Monthly Archives: February 2015

Happy Anniversary to me… ♩ ♪ ♫ ♬

One year ago to the day, on 28 February 2014, I wrote my first blog post, Introductions are in order.

So… Happy Anniversary to my blog! Yay! 🙂

Happy Anniversary

‘Cause baby you’re a fiiiirework… (Though I don’t actually think that makes much sense, but anyway. Image from wikimedia commons.)

Over this past year, I published 90 blog posts; most of them about writing or writing-related, some about miscellaneous things such as my pets, a few rants, rather fewer technologyrelated ones than I’d planned, one about my favourite game, Guild Wars 2, and once I may even have gotten a little political, though I reserve the right to deny that if asked directly.

(Actually, looking back through a whole bunch of my post topics, I just realised I should probably clean up and re-tag/re-categorise them before someone notices… sshh!)

The busiest time was probably in April, when I participated in the A-Z Challenge, which I spent more time on than I’d anticipated but it ended up being a good blog-baptism-by-fire, I think. One of the highlights was probably meeting Nicholas C. Rossis through blogging and getting an older short story published in his anthology.

I’ve met and followed some great fellow bloggers, am honoured to be followed by some in turn (though some of my followers are those silly I’ll-follow-you-even-though-I’ll-never-read-your-blog-and-hope-you-follow-me-in-return type people for whom I have very little respect; if I’m following your blog, it’s because I’m interested in what you have to say and try to keep up with reading it when time allows), and am now getting a decent, though by no means high, amount of regular traffic.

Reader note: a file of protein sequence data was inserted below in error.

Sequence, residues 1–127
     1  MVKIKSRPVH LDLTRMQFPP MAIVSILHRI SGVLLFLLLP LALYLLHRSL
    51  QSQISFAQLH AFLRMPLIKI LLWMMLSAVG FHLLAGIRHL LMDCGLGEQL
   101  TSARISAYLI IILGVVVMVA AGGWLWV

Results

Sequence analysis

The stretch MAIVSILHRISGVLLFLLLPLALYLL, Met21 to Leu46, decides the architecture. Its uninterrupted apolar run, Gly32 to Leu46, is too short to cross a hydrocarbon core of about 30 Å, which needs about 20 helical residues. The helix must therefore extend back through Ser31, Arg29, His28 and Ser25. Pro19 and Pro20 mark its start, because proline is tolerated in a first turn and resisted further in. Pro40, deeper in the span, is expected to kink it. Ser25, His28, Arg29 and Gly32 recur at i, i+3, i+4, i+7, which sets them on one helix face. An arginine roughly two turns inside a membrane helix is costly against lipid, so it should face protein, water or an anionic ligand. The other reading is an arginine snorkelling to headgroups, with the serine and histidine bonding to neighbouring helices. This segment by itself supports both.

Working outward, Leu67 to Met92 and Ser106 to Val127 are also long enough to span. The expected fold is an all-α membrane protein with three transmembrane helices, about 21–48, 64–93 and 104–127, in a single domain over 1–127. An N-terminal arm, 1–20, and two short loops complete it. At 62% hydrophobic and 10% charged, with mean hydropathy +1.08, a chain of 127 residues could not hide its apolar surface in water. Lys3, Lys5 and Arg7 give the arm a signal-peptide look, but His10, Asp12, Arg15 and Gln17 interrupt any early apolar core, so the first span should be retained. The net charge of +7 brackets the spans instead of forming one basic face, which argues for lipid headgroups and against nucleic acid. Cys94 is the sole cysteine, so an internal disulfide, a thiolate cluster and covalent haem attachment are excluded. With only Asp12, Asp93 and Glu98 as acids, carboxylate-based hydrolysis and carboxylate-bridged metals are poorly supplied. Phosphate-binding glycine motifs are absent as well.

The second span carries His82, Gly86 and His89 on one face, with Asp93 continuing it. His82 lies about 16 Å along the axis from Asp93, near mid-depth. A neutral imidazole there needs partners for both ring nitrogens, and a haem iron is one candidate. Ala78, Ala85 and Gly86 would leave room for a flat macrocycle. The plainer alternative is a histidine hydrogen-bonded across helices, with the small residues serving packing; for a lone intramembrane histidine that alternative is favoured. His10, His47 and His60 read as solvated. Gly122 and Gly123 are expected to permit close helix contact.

From the beginning, I’ve made it clear (I think) that my blog isn’t my primary concern, but I wanted to have a go at it so that I know what I’m getting into if and when I later set this up as a promotional platform for my writing. I’ve learned heaps about blogging (and writing), followed some good advice, and ignored plenty of other good advice because my blogging currently isn’t about getting many followers or maximising traffic to my blog. It’s more like a mixture between my personal soapbox and the quiet corner where I can go to get things off my chest by writing about them. My regular readers are relatively few, but I’m ok with that, because I feel I know them quite well and treasure them all the more for that.

One-year anniversary

My blog is one year old today!

As I continue on my journey of trying to get my book published the traditional way (a goal which I may never reach, or I may at some point have to reassess and consider self-publishing), I will most likely carry on in a similar vein. Family (my wife and three kids) has to come first, work has to be up there because it pays the bills (and with three kids in private high school this year, those bills are astronomical), writing, researching and editing gets most of the time left over (except when I indulge in playing GW2), and blogging… well, when I have time. But 90 posts in a year isn’t that terrible, is it? (Ok, maybe it is – I really don’t know.)

Thanks to anyone and everyone who’s ever managed to read through one of my 90 blog posts! I’m even more thankful for anyone who’s ever liked and commented on any of them (hint-hint!). 🙂

Cheers,